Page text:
The United States and Britain establish the 49th Parallel as the boundary between Canada and the United States.
The Summer Palace in Beijing, China, is burnt to the ground by a Franco-British expeditionary force.
The Joint Commission, set up on January 24 by Great Britain and the United States to arbitrate the disputed Alaskan boundary, rules in favor of the United States. The deciding vote is Britain's, which embitters Canada. The United States gains ports on the panhandle coast of Alaska.
Bolivia and Chile sign a treaty ending the War of the Pacific. The treaty recognizes Chile's possession of the coast, but provides for construction of a railway to link La Paz, Bolivia, to Arica, on the coast.
Czechoslovakia, complying with Nazi policy, outlaws the Communist Party and begins persecuting Jews.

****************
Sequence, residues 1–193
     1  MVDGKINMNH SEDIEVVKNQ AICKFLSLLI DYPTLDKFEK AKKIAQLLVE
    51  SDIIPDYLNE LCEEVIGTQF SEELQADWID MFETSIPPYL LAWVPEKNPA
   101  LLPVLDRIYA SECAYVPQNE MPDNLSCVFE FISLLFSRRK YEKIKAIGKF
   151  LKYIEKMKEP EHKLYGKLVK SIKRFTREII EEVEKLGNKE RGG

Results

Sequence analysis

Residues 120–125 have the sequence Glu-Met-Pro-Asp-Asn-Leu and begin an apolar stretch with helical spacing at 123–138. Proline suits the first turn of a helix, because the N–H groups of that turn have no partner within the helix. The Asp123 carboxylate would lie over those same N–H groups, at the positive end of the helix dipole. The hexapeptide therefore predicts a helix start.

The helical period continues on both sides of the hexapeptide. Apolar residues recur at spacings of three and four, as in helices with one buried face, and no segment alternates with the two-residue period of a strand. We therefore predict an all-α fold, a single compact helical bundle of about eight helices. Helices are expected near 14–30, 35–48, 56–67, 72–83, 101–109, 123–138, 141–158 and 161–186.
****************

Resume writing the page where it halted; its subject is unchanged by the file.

U.S. troops land on Leyte in the Philippines, keeping General MacArthur's pledge "I shall return."
Egypt, Syria, Iraq and Lebanon form the Arab League to present a unified front against the establishment of a Jewish state in Palestine.
The House Un-American Activities Committee opens public hearings on alleged communist infiltration in Hollywood. Among those denounced as having un-American tendencies are: Katherine Hepburn, Charles Chaplin and Edward G. Robinson. Among those called to testify is Screen Actors Guild President Ronald Reagan, who denies that leftists ever controlled the Guild and refuses to label anyone a communist.
Arab oil-producing nations ban oil exports to the United States, following the outbreak of Arab-Israeli war.
Charter plane crashes in Mississippi, killing three members of popular Southern rock band Lynyrd Skynyrd, along with their assistant road manager, the pilot and co-pilot.
In the Libyan civil war, rebels capture deposed dictator Muammar Gaddafi in his hometown of Sirte, killing him soon afterward.